The business process performer is not usually the business process owner – in other words the lowest level that business process ownership can be devolved to is departmental manager or in exceptional cases possibly team leader (supervisor) level.
3.2. Business Process Performers
The business process performers are the people who actually execute the business rules in relation to a specific task. They accept the input, process the transaction and ensure that the output is correct. They also ensure that other actions have been identified and passed on to the appropriate individuals.
Even though the business process performers are usually the most knowledgeable in regard to the operational complexities of the business process they are not usually the business process owners.
A custodian takes care of a resource that is owned by somebody else. So, for example, one can talk of a school principle being the custodian of the pupils at the school during school hours.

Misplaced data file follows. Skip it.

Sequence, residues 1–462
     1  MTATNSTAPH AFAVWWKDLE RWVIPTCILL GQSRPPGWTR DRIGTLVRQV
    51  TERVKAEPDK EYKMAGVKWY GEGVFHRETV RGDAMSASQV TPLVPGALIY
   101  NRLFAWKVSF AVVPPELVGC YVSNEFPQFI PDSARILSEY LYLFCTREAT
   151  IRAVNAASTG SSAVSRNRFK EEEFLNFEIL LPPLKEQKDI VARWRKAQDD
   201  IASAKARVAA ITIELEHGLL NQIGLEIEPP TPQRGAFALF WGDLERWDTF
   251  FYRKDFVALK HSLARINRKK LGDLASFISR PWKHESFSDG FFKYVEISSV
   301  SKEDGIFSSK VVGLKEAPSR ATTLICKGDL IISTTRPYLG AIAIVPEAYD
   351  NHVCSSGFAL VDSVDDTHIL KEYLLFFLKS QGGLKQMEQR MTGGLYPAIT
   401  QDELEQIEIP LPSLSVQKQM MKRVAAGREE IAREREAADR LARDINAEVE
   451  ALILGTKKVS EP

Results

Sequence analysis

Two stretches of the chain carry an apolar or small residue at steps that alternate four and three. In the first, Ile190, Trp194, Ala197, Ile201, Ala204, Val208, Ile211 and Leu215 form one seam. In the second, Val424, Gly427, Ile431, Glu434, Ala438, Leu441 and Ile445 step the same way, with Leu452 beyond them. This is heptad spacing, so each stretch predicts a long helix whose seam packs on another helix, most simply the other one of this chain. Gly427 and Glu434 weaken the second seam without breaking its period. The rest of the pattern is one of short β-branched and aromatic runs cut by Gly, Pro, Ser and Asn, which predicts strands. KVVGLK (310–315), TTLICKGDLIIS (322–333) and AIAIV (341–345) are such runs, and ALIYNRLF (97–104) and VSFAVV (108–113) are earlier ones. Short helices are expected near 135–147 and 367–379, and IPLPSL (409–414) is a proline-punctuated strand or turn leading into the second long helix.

There may be different levels of custodianship, as agreed with the owner. So, for example, a trustee may be empowered to deal freely with the assets in a trust fund set up by a deceased parent, while a friend going on a long trip may entrust you to drive and maintain his car, but not authorise you to sell it.
Business process element custodianship commonly therefore has one or more of the following elements: Limited to specific process elements (e.g. a specific set of IT programs, a specific database); May have a time limit (e.g. a project manager may have temporary custody of a process being changed); Scope restrictions (e.g. budgets, timing); Other requirements (e.g. problem escalation boundaries)